The intersection of healthcare and technology can lead to many new innovations for the field of mental health. Researchers have started developing wearable sensor technologies that can detect anxiety for those wearing it, allowing doctors to make better diagnoses for patients, as well as allowing individuals to better understand their illness.

The idea of sharing of information is a growing conversation. The healthcare system and other areas develop a great deal of data, however, each ones uses its own silo. This siloed approach prevents the data from being aggregated and used to discover patterns, gaps and opportunities for change for the system.

This trend is Emerging.

In this unique marriage of medicine and technology, the ultimate beneficiaries are the patients, who are being provided with better standards of care.

The use of this technology could also be a new option for those who do not have access to or have not succeeded with other therapies.

This trend is Emerging.

This trend is Growing.

There is also a push to extend data sharing so that individuals can access their own data. With this people could view and control who views their health data, and the system could learn from data trends. This trend is Growing.


THE LONG DISTANCE DOCTOR by Sara Qarizada

DIAL-A-DOC by Patricia Wong

REVERSING THE FLOW by Trishia Nashtaran

NURSE ALEXA by Jacquie Shaw

Telemedicine uses telecommunication technology to offer healthcare from a distance. It has been implemented in many areas of healthcare from remote surgeries to healthcare apps.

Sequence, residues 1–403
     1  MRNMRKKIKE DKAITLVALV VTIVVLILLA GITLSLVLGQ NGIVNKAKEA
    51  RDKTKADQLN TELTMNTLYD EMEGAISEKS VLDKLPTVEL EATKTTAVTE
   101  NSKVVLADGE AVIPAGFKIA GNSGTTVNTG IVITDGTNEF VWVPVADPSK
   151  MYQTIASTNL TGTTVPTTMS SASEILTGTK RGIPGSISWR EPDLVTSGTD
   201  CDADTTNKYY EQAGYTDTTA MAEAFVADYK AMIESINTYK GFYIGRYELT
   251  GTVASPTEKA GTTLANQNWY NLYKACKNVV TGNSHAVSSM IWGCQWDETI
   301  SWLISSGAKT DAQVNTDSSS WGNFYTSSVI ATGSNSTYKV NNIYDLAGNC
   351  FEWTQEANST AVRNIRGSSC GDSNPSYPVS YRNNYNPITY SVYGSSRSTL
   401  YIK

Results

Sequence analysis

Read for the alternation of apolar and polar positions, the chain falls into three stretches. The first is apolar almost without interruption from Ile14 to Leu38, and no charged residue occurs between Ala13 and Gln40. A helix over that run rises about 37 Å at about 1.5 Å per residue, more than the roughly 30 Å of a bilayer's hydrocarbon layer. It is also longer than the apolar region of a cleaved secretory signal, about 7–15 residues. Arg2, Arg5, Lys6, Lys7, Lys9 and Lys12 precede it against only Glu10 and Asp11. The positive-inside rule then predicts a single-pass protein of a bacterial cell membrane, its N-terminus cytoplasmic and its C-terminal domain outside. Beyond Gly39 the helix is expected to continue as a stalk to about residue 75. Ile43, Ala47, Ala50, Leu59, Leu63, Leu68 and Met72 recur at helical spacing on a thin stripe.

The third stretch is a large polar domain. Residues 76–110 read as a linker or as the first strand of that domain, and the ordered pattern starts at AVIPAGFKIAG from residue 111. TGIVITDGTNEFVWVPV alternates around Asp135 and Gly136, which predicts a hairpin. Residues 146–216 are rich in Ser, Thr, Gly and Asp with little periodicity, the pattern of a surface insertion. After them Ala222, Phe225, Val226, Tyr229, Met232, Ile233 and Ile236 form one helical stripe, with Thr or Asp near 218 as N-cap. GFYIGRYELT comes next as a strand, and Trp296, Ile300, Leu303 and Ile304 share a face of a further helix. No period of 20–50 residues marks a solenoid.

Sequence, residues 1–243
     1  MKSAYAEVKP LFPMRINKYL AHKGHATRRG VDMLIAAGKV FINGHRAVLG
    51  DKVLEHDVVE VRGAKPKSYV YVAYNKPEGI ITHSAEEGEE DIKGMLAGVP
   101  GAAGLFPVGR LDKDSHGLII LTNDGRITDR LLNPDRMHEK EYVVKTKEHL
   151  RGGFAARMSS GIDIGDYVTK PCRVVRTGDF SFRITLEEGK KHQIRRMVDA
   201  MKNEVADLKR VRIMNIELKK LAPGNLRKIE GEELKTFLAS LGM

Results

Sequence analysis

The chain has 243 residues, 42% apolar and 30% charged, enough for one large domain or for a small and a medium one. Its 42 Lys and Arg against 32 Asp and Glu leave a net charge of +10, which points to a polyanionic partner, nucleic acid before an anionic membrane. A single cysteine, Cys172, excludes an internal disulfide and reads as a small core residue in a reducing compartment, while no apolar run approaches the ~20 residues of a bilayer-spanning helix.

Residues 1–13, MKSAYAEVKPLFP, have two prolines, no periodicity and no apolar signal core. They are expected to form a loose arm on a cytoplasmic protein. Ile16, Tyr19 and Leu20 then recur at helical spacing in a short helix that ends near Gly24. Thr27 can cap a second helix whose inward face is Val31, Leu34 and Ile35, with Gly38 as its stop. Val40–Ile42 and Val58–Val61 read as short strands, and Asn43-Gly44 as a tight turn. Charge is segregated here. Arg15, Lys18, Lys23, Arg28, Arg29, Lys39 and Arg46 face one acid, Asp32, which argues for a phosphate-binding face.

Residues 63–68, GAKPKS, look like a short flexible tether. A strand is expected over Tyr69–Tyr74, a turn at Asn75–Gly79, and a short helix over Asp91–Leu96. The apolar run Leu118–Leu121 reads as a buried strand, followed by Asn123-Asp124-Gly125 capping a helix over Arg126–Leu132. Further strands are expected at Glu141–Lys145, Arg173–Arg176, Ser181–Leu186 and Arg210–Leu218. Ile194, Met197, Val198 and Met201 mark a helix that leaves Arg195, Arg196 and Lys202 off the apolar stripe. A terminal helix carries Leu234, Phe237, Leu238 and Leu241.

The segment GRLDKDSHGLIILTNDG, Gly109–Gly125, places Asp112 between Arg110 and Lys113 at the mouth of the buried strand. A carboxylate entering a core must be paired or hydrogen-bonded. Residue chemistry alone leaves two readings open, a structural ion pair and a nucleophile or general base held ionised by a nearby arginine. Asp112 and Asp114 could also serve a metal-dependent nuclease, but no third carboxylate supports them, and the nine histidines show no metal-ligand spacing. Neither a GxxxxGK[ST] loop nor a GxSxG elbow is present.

Advancement in artificial intelligence, drone, and engineering technologies are helping to expand the privatized healthcare industry, consequently pushing the boundaries around the traditional notion of the centralized healthcare system.

Healthcare system is getting more and more user-centred and decentralized, facilitated by technology and evolving policies.

An emergence of tech start-ups are launching products and services that are changing the way patients, health practitioners, and healthcare providers interact and connect with one another.

Implementation of inclusive policies along with robotic and augmented reality are enabling remote and decentralized healthcare service at home and to the streets.

This trend depends on the 3-way hybridity of combining the rise of personalized health tracking and treatment combined with the growing normality of smart objects, Internet of Things and smart homes, and AI and robots for care people. The combination of these technologies and systems could lead to the integration of healthcare into smart homes, with AI assistance.

Telemedicine is quickly being adopted as more patients become aware of this new form of healthcare. The world of healthcare is heading into the time of patientcentric health systems where telemedicine could become the norm.

Healthcare is taking a U-turn and shifting from a service-centred system to a user-centred one.